Neighbors for Neighbors

Do stuff with and for your neighbors

Coyote Sighting on Cranston and Paul Gore Streets


Around 9:30 am on Easter Sunday morning, a coyote was spotted at the top of the Cranston Street near Sheridan Street. When it saw a person, it fled down the cliff to Paul Gore Street, where it was sighted a second time.

Jack Chapin from the Massachusetts Environmental Police came out to investigate.  Chapin talked with the person who had seen the coyote and concerned Cranston Street residents.  Here is a summary of the information he shared with us.

The eastern coyote has reappeared in Boston and it is most likely here to stay.  Because critical mass has been reached, even if one coyote is removed, another will take its place.  Because of this, Chapin said, in some ways it's better to figure out how to deal with the coyote we know than one we don't know, as bizarre as that sounds!

The good news is that the coyote that was spotted Easter morning reacted normally to seeing a human being -- it took a look and then ran away as fast as it could.  It was not aggressive or threatening.  Chapin says we want to do everything we can to keep it that way.  What this means is that we should not make it easy for the coyote to find food in our yards or on the street.  Keep your garbage pails and compost piles securely covered and don't leave cat or dog food outside.  The coyote will most likely leave larger animals alone, but it will see cats, small dogs, squirrels, raccoons, possums, and other small animals as prey.  Coyotes hunt during the day, not just at night, and they hunt alone, not in packs.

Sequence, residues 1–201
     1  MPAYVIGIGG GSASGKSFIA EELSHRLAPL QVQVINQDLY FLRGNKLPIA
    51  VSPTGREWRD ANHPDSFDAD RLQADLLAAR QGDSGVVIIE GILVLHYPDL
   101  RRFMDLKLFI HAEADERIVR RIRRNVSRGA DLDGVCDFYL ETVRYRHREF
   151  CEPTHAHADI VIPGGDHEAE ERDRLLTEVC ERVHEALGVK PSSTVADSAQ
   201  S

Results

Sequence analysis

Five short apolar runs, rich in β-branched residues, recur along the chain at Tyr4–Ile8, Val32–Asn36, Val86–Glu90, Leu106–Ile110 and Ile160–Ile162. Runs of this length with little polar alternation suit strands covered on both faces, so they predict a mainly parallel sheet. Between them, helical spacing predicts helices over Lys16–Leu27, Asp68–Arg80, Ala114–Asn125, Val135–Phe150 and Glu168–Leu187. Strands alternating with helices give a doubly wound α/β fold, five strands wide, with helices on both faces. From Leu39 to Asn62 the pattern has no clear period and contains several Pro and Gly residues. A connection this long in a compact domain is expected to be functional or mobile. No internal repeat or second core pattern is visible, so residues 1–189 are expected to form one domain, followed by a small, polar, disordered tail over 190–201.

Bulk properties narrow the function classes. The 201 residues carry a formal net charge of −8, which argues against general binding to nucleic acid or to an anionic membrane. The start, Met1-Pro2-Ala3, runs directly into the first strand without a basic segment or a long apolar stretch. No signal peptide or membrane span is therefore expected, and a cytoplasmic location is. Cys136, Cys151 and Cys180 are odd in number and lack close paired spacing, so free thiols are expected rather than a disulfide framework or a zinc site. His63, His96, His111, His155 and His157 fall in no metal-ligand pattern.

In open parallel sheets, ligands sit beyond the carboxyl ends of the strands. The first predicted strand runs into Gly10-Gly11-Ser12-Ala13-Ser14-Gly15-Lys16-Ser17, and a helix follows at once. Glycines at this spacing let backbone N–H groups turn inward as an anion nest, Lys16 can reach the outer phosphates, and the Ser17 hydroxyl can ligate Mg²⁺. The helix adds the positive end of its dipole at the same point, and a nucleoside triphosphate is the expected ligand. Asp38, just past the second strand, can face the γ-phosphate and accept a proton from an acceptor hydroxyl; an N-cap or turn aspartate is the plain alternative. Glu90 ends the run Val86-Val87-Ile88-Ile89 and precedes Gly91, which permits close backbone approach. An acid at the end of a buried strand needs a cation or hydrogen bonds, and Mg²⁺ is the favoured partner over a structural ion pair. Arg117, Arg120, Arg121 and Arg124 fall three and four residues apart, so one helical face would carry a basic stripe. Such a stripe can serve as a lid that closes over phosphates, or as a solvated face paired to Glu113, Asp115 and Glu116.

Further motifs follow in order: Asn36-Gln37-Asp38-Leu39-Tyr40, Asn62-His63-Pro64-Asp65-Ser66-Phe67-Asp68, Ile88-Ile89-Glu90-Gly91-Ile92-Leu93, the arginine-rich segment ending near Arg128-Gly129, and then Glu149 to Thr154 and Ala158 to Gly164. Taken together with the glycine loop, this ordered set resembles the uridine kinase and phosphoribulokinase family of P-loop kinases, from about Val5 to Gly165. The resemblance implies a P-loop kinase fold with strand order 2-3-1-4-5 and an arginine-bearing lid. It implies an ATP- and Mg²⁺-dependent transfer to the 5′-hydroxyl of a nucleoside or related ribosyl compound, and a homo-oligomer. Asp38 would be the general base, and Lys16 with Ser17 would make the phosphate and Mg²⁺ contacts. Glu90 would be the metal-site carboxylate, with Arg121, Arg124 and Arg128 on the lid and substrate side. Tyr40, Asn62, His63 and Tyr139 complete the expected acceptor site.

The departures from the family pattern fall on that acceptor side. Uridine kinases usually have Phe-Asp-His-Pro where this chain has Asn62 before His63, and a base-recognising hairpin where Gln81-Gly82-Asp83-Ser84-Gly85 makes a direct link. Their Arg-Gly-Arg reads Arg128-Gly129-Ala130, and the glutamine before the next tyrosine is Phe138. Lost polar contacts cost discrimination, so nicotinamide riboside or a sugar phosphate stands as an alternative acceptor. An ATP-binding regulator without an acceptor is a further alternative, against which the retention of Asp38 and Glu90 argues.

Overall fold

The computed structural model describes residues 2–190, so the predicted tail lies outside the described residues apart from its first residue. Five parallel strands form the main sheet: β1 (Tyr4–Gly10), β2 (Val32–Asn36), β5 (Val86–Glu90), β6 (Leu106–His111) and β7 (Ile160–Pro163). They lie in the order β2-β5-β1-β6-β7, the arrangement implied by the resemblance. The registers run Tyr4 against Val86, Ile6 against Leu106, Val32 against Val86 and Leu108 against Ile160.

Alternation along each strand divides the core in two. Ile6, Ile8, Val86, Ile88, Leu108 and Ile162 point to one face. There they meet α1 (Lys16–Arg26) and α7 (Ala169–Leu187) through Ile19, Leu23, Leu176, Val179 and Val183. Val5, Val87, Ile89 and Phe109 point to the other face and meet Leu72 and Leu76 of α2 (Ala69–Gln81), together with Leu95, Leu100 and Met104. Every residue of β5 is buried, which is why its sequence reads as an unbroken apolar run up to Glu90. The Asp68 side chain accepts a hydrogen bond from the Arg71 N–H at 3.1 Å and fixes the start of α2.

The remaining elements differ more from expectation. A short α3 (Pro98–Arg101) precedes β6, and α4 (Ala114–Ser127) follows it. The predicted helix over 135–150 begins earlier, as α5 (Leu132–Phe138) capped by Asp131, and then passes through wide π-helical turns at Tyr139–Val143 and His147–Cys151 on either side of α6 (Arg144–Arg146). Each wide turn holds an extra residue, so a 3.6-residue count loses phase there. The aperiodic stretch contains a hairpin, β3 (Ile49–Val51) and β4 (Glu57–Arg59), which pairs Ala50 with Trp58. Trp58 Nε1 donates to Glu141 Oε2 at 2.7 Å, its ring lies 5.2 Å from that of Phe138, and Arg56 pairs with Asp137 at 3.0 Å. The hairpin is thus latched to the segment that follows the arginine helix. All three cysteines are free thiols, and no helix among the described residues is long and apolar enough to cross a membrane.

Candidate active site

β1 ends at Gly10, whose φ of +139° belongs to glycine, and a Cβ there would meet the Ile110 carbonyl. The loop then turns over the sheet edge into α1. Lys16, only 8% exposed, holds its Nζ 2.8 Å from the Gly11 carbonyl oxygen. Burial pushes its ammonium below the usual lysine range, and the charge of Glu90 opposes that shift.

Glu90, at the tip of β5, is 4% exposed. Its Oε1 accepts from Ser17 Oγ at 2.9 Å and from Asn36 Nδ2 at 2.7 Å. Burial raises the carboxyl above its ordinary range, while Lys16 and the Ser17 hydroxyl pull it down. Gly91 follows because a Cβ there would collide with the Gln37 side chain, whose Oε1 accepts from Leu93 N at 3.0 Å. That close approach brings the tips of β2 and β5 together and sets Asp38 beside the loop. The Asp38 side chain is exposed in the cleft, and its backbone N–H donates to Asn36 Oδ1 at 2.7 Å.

Chapin emphasized that coyotes are naturally afraid of humans.  Yelling, making a lot of noise, jumping up and down, waving your arms, and throwing things will usually scare them off.  If they have been fed by humans, however, they may have lost their fear.  Those are the coyotes that we need to be most concerned about and that the Environmental Police will attempt to remove.

The state has prepared an informational leaflet and it can be found here:

http://www.mass.gov/dfwele/dfw/wildlife/living/pdf/living_with_coyo...

Please forward this link widely!  Chapin said there is no need to report every coyote sighting, particularly if the coyote runs off as it should.  But if anyone sees a bold coyote in the neighborhood, definitely call 911 or the Mayor's Hotline (617) 635-4500 and they will know what to do.

Views: 228

Comment

You need to be a member of Neighbors for Neighbors to add comments!

Join Neighbors for Neighbors

© 2022   Created by Joseph Porcelli (Chief Neighbor).   Powered by

Badges  |  Report an Issue  |  Terms of Service